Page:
A year after gaining independence, South Sudan is still a long way off achieving any democratic change or securing a lasting peace. The nation is also threatened by economic collapse after ceasing oil production, in a conflict with Sudan that continues to dog economically and strategically important border regions. By Annett Hellwig
A year has passed since Sudan was divided up into two countries. The political conflict between North and South was for decades played out in the form of a bloody civil war, which the 2005 "Comprehensive Peace Agreement" (CPA) sought to end. South Sudan finally opted to secede from Khartoum after a referendum held last year.
In the run-up to the referendum, not only did Sudanese President Omar al-Bashir offer assurances that he would recognize its outcome, in a gushing gesture he was also the first to congratulate the new country on its new-found independence, and establish diplomatic relations with his new neighbour.
The high expectations linked to the independence of South Sudan went some way to covering up the nation's deep-seated strife – but only for a short period. People living in the south hoped their new status would deliver on long-held dreams of liberation from Khartoum's heteronomy, better living conditions, safer roads, regulated work and also democracy.
The fact that relatively little convincing progress has been made on any of these counts, neither in the South, nor in the North, is just one of many problems that have re-emerged with even greater urgency since last year's secession.
Although months have passed since South Sudan declared independence, the key questions are still primarily concerned with demarcation, the status of southern Sudanese living in the North, the allocation of income from the oil industry, further implementation of the Nile Waters Agreement and regulations governing the use of resources by nomadic tribes on both sides of the border.
"Important goals of the comprehensive peace accord, first and foremost the consolidation of the fragile peace, democratic transformation and the reconciliation of former conflict parties, were not realised," says Jan van Aken, foreign policy spokesman for the Left Party in the German parliament. The fact that these questions were not tackled in advance of the eventual secession and deferred until some point in the distant future is now coming home to roost.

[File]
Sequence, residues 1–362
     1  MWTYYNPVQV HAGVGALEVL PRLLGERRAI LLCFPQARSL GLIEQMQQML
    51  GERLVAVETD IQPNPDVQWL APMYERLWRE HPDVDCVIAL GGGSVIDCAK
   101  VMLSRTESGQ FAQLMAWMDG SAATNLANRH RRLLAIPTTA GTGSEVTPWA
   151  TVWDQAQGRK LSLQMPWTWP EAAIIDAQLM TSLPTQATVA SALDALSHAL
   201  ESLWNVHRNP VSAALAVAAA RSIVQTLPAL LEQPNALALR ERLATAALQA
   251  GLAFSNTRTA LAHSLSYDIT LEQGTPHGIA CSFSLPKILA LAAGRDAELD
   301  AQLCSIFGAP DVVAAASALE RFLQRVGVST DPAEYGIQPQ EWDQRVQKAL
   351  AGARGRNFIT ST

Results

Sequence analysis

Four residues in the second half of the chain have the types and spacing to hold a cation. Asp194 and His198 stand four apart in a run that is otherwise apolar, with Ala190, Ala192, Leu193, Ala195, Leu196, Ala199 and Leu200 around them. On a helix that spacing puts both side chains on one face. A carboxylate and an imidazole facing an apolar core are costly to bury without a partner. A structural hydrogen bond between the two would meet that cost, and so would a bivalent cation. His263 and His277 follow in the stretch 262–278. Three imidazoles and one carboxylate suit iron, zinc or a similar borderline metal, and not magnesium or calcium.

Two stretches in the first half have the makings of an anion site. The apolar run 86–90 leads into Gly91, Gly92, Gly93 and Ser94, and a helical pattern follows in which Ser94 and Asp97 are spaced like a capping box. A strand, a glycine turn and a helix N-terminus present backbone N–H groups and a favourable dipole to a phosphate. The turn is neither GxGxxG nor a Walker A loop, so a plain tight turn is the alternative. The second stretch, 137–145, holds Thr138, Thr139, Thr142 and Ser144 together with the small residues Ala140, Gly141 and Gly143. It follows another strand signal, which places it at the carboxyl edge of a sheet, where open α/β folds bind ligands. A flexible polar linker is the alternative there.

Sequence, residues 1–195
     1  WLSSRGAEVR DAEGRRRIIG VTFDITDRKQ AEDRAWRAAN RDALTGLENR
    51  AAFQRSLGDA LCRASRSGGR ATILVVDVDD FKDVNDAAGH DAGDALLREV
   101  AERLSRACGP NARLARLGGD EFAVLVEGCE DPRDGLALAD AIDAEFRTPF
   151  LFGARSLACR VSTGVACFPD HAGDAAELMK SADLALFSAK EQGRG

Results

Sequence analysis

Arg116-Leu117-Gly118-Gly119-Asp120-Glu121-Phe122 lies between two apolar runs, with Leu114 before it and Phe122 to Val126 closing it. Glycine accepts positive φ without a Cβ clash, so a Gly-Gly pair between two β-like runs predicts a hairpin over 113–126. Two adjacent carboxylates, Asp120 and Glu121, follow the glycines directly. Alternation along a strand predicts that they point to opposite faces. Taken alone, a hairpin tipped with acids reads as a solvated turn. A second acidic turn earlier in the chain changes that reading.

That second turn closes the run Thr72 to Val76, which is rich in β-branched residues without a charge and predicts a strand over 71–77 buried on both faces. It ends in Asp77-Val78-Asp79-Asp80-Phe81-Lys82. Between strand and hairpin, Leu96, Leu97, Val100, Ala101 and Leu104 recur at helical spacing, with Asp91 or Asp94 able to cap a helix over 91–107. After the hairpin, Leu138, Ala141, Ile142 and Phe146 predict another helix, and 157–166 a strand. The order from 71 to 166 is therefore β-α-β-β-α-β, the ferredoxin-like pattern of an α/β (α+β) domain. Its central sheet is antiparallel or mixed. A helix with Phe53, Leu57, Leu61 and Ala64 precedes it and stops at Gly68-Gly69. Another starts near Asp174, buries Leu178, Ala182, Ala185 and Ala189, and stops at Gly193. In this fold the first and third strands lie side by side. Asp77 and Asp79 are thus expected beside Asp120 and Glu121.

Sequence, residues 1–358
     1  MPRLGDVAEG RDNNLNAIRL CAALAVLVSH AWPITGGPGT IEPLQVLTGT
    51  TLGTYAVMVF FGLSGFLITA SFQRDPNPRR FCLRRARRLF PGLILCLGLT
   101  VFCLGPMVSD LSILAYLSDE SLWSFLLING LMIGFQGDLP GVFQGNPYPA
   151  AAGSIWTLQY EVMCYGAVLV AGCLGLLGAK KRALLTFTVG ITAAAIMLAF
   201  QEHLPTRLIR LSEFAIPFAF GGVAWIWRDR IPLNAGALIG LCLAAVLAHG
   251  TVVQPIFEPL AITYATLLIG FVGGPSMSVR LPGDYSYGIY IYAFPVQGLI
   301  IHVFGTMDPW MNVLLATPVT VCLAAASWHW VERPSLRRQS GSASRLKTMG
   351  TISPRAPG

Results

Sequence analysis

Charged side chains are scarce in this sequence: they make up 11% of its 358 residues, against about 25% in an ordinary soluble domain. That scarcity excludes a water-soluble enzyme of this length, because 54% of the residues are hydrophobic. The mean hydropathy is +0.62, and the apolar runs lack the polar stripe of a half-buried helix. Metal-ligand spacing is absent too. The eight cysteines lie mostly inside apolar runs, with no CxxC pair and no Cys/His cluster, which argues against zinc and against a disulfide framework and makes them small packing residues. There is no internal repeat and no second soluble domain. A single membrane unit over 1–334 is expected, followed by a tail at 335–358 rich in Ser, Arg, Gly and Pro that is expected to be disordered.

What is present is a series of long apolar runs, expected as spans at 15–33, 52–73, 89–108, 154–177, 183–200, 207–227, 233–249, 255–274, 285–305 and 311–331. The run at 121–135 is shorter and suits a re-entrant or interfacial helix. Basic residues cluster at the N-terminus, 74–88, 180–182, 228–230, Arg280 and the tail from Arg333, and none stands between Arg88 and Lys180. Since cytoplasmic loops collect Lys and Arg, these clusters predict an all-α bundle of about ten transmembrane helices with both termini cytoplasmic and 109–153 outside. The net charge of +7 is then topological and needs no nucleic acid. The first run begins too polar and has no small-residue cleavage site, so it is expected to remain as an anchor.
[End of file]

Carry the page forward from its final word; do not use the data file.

Sudan is still a long way off any kind of effective management of the new border to the South. Disputes over the oil-rich regions of Abyei and Heglig have over the past few months led to several escalations of violence involving not only the armies of both nations, but also armed militias. A CPA protocol envisaged "consultations with the population" for these areas to clarify their affiliation to one of the two states once and for all, but these have not taken place. This places any potential peace talks on a rather flimsy foundation.
Alongside this new conflict arena, other flashpoint issues that may have attracted less attention in the past are again taking centre stage following the secession of South Sudan. Military operations by the Sudanese army in Darfur continue to be the order of the day, and in the Nuba Mountains of South Kordofan a conflict that has been raging for years threatens to take on horrifying dimensions.
In the Blue Nile Province and in the east of the country there have also been vociferous calls for independence in the past. "Although the Bashir government is anxious to make the independence of South Sudan a costly affair, the relief experienced in the South is infectious," says Dr. Alfred Sebit Lokuji, a professor at Juba University. The probability that these demands will grow yet louder is growing, threatening a further division of Sudan.
Apart from that, Sudan is far from being in a position to settle the tribal disputes being played out on its territory. "The longest war, i.e. the war to establish a national identity, has not even begun yet, leaving much room for ethnic conflict to dominate the socio-political scene," says Lokuji.
Extreme inequality between Khartoum and the provinces
The problem affecting the various regions in North Sudan is that there is an extreme inequality between the political centre in Khartoum and rural areas, a disparity reflected by a large prosperity gap.